Fianna Fáil welcomes this Bill and intends to support it. I join with the Minister in thanking the Company Law Review Group for its work on both this Bill and the big Bill, as well as for the information and assistance it provided to the Joint Committee on Jobs, Enterprise and Innovation during the latter's review of it. This Bill is significant because it has become apparent in the past 18 months that the examinership process became the preserve of large companies and gave them an advantage in dealing with business difficulties and issues such as legacy debt that smaller companies did not have or were not in a position to use. On that basis, it is important that Members expedite the Bill's passage to level that playing pitch.
It also has the potential of reducing legal costs relative to the existing High Court process. At present, only 1% of small and medium-sized enterprises, SMEs, that are in difficulty restructure, compared with 25% of SMEs in the United States and this is despite broadly similar business structures. It demonstrates that many businesses that could have been saved potentially have been lost. They have been prohibited from restructuring by prohibitive costs and by the challenges of entering the legal system. For this legislation to be successful, it must be endorsed by the relevant professions, both accountancy and legal, and the Judiciary must be trained in the complexities of company restructuring. While the State is lucky in respect of the work undertaken by the Commercial Court at present, this Bill will require an expansion of the resources available to that court. In addition, when this type of activity is brought down to Circuit Court level, the requisite level of expertise must be brought to the Circuit Court in order for it to be maximised fully.
Solicitors, barristers, auditors and accountants should be required to post prices for their services, including hourly rates, on the relevant regulator's website so companies wishing to avail of this process can know the cost from the outset. All professionals should be required to provide clients with meaningful cost estimates to prospective customers. For an examinership to be successful the primary need is often for access to credit. There is still an issue with regard to access to credit, in particular, for companies which are being restructured. Unless this aspect is addressed the good and very solid structures provided for in the Bill will be merely structures and the intentions of the Bill may not be realised.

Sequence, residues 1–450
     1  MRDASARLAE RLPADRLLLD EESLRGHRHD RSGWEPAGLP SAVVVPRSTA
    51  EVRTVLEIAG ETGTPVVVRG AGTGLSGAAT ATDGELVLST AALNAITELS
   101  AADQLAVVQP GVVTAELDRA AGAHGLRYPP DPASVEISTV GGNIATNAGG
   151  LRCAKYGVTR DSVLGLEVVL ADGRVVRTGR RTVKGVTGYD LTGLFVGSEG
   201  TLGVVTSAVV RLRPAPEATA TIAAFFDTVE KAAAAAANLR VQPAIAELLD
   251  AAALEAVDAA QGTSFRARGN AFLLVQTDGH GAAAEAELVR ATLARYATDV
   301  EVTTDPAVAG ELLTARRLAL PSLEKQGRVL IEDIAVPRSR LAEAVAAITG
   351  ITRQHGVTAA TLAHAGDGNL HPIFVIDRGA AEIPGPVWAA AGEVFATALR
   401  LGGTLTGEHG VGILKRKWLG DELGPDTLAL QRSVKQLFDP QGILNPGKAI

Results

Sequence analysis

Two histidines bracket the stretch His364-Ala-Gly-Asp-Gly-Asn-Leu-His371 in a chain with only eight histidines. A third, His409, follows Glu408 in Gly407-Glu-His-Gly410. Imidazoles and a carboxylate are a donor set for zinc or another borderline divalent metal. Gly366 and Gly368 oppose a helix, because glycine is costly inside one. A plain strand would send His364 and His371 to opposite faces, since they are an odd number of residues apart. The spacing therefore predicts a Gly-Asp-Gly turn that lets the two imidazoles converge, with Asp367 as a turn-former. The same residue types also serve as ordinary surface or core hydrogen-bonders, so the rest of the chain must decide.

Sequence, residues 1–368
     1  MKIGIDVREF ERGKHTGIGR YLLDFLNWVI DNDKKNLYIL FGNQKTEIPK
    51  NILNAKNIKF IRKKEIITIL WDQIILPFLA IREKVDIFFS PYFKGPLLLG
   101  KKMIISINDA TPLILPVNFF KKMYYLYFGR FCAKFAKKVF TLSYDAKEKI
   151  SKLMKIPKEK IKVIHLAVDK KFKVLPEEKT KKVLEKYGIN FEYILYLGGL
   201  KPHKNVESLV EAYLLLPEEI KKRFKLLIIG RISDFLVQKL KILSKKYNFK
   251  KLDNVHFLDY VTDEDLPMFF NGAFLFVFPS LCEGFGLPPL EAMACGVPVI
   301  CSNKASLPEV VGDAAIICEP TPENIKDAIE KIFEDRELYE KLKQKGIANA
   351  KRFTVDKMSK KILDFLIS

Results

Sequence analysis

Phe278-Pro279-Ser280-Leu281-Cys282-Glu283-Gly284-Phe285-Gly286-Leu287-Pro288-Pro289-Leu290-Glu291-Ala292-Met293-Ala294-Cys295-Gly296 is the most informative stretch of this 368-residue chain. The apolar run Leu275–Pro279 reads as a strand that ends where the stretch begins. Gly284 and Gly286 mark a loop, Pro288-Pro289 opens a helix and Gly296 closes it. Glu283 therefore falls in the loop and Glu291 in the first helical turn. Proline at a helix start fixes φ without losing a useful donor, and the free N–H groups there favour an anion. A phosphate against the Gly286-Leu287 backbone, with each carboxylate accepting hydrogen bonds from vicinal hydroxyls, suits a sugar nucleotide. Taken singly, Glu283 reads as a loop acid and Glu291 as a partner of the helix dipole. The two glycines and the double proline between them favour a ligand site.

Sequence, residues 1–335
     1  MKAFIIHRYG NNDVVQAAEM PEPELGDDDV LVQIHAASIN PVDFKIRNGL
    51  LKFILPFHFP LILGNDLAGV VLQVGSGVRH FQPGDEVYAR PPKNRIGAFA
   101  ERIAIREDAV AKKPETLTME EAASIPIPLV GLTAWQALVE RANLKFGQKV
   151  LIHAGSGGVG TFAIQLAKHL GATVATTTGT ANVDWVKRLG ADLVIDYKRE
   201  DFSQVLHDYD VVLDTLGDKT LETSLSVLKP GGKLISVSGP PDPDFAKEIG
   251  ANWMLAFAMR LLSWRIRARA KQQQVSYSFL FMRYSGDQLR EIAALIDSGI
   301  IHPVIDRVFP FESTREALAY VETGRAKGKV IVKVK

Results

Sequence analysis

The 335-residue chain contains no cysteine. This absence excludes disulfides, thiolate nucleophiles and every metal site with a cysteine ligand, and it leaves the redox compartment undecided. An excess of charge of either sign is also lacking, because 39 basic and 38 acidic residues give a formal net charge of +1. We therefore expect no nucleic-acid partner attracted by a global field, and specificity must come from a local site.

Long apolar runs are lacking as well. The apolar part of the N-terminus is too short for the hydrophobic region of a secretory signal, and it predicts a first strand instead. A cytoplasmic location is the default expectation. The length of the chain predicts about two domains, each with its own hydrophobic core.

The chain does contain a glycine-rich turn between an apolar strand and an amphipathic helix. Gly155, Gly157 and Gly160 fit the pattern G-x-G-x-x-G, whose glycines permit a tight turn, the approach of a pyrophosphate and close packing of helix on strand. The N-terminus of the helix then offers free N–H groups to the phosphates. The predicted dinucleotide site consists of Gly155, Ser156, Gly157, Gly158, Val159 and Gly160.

I welcome the provision to enable companies to avail of examinership. The Minister estimates it will allow for a reduction in costs of up to 30%. At present, applications must be made to the High Court in the first instance for examinership protection and then may be sent to the Circuit Court if the company's total liabilities are less than €317,434.52. This has never been done in practice.
Many companies find the prospect of going to the High Court to seek examinership a daunting one. They regard the High Court process as the preserve of large corporations and many are not comfortable in the surroundings of the High Court. They have some justification in believing that costs could spiral out of control. It is estimated that Circuit Court costs will be 30% lower than an examinership process through the High Court, owing to the legal and accountancy fees element being considerably lower.
The up-front costs currently associated with seeking examinership protection are made up of the costs of an independent accountant in preparing a report on the company's viability and the legal fees for the application papers. The Bill does not change the content of this report nor the content of the application papers so the same level of work is required regardless of whether the application is made to the Circuit Court or the High Court. The Minister should consider a simplified version of these reports or application papers in order to streamline the process further and to make it more accessible.
As an example, I refer to the case of an independently-operated hardware store on the main street of any town. Unlike major national chains it will not have the resources to take a High Court examinership case. However, there is a considerable social dividend from having such a business operating in a town centre and providing employment. Were it to close it would have a significant knock-on effect on surrounding premises and reduce footfall in the town.
Many national stores have used the examinership process to renegotiate leases in out-of-town centres in the past 12 months. This option is available to such stores because they have the resources but it is not available to the small local hardware store.